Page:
New York Rats and Garbage

Here is a terrific little video by Assignment Earth on New York rats. It features State Senator Bill Perkins, Rodent Expert Stephen Frantz, and a lively cast of street rats. Frantz clearly and knowledgeably makes the point that NYC’s rat problem is caused by humans and can be solved by humans. The message is simple: cut the rats’ food supply, and the population will plummet.  This means changing the way we manage our garbage.

The latest in rat control is a practice known as Integrated Pest Management, an environmentally sound approach to pest control. The goal is to eliminate rats and other undesirables by controlling environmental factors (available food, water and shelter) that lead the animals to enter and thrive in habitats where they are not wanted –  like homes, playgrounds and subway stations.

The 96th Street and Broadway station offers particularly fine rat viewing.

And why not? There’a a perpetual source of food, water and shelter.

Why, there’s one of the little fellows now.

I’m surprised he doesn’t take his meal over to the lunch room.

Lunch Room

Meanwhile, over on Riverside Drive and 112th Street, Rat Palace continues to provide the perfect habitat for countless rodents. In the dark and grainy video below, rats slither in and out of the stones of Rat Palace, a pile of cobblestones on NYC’s Riverside Drive. If you think you saw something move…you did. The rats were everywhere. The strange sounds come from Esau the dog, who was eager to grab and kill.

Rat Palace at Night is best watched full screen (try double clicking on image to go to full screen, then click escape to return).


For more on how our garbage creates our pests, see articles from Out Walking the Dog’s archives:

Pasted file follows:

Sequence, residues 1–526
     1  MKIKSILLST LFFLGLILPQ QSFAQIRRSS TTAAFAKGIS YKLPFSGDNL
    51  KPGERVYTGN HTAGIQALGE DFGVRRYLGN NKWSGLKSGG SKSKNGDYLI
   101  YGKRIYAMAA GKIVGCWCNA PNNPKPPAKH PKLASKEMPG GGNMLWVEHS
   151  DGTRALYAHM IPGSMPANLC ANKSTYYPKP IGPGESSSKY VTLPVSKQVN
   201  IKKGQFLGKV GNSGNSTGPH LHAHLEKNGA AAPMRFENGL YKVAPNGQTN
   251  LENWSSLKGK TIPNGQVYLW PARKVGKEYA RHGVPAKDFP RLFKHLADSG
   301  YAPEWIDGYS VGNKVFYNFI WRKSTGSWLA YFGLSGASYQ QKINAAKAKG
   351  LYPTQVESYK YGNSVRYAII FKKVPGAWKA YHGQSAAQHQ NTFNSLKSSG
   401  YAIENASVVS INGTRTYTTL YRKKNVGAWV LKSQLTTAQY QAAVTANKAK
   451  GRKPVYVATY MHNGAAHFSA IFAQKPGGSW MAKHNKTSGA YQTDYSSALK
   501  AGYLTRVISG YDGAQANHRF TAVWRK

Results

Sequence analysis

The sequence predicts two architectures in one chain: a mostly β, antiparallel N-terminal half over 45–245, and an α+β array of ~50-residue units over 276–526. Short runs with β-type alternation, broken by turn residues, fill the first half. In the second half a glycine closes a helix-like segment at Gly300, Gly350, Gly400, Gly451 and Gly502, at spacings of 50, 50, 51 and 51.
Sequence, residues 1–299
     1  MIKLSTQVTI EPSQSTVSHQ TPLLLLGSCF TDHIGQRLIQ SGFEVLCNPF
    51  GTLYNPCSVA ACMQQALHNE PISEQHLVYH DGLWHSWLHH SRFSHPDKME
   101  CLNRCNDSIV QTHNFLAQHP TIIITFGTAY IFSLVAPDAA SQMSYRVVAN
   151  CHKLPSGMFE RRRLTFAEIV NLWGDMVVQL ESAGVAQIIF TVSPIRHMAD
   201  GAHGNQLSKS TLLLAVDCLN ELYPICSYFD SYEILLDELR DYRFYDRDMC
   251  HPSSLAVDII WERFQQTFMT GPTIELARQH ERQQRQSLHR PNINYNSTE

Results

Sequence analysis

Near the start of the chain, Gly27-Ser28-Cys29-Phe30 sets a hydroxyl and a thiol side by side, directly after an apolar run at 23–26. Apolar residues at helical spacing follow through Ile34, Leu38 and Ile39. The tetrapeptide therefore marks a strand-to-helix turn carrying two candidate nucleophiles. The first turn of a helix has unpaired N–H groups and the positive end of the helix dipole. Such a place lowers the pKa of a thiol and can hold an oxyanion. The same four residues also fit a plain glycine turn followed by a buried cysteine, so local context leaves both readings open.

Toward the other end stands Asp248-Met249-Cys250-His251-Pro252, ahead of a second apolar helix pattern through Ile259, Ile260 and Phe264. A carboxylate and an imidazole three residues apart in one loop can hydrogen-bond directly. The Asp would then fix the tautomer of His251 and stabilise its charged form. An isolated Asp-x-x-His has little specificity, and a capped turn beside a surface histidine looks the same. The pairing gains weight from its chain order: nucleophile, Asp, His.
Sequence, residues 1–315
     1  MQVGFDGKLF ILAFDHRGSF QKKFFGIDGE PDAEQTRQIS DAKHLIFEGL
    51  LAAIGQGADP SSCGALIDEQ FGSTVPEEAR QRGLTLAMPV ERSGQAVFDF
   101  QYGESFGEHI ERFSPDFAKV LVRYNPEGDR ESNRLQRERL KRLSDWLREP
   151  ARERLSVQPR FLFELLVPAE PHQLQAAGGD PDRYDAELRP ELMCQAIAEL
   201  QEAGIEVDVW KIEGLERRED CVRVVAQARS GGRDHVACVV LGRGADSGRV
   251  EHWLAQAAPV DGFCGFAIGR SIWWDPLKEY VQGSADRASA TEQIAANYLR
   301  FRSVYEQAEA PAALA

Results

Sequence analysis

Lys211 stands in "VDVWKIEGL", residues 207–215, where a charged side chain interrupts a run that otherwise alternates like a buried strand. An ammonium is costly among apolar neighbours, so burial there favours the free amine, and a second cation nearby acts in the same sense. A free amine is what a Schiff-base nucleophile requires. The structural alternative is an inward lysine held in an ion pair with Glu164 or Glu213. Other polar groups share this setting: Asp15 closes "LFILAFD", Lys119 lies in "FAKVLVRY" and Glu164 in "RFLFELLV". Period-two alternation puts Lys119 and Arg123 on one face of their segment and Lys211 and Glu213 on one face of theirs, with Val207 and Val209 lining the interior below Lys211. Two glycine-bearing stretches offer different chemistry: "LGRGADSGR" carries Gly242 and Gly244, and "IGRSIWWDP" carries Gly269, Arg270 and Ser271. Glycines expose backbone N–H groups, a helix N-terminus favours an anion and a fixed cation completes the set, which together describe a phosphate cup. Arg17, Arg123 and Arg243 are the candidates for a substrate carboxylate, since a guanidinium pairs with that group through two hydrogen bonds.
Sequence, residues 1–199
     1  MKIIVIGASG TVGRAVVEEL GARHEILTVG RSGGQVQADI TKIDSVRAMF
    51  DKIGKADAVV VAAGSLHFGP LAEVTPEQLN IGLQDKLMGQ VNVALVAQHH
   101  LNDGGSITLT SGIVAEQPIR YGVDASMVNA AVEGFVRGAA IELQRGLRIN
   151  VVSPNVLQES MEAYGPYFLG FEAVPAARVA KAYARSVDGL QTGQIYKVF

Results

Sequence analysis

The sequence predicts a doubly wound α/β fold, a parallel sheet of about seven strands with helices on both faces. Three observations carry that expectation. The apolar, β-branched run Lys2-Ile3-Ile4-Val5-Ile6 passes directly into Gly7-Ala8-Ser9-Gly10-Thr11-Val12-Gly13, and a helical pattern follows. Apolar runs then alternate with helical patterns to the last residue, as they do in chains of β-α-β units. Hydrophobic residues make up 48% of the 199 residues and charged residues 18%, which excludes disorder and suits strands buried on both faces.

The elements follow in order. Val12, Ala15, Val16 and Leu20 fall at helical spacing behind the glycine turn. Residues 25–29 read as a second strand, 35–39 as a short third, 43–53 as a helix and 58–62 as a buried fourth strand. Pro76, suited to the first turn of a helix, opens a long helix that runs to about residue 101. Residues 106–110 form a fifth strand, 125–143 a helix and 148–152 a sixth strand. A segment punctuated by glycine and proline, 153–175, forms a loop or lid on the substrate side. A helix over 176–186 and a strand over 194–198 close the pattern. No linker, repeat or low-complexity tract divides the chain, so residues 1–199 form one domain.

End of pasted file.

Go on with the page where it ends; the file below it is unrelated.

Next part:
Dirty Harry Dog Cleans Up NYC Streets
Feeding Wild Animals: Squirrel Man Calls to His Friends
Of Rats, Red-tails and Rodenticides
How Many Raccoons Live in Manhattan, Anyway?
If You Build It, Rats Will Come

The Hills Are Alive … with Rats

Thanks to Charlotte of The Rat’s Nest for sharing the Assignment Earth video in her response to one of my previous post on rats.
Explore posts in the same categories: 2011, Fall, In the City, November, Rodents (other than squirrels), Seasons, Wildlife/Natural History

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7 Comments on “New York Rats and Garbage”

  1. Adam Lang Says:

    My girlfriend’s introduction to San Francisco included us getting stuck at the Powell Street BART/Muni/Cable Car station at around 2 AM, and trying to catch a cab home. While we were there, the men with traps came and trapped a good hundred or so rats in the span of about fifteen minutes, in the outside area with all the foliage.

    Damn. That’s a lot of rats. I wonder how often they do it?

  2. Wild_Bill Says:

    Rats are simply rodents. Like any other rodent their populations will always rise and fall with food supply. In rural areas where I find my home the populations of chipmunks and gray squirrels rises and falls with the hard mast supply. A good acorn year yields lots of rodents. Some even find their way into our homes.

    In urban areas the food supply seems never ending and therefore the rat population seems never ending. Get rid of the waste and the population will crash….eventually. It will take some time, and there will be some discomfort during the crash. Rats, like all other rodents, get desperate during population crashes.

    An excellent and informative post!

    • Thanks for the informative response, Bill. Interesting that the population is tied so closely to acorn production. You’re right about urban areas being never-ending food supply zones. Just this morning, I watched a pigeon in the street, working away at a packet of cheese and meat from a deli that someone must have lost out of a grocery bag. The rats will be out for it later. My dog almost caught one on last night’s walk – he would have got it, if I hadn’t pulled him away.

  3. Mr. Mantooth Says:

    Lordy — mountain of rats is striking. Yum — can’t wait to eat at the 96th St. Lunch Room.

  4. mthew Says:

    I remember one winter night I was coming home from a holiday party in a palatial Park Ave. apartment (uptowning, the opposite of slumming) and the number of rats at the lower level express tracks at 86th blew my mind. I mean, they were all wearing mink! Well, practically.

  5. p hoey Says:

    Great post! I must remember not to wear my glasses when I walk these mean streets. Where are the metal/plastic garbage pails of yesteryear…?

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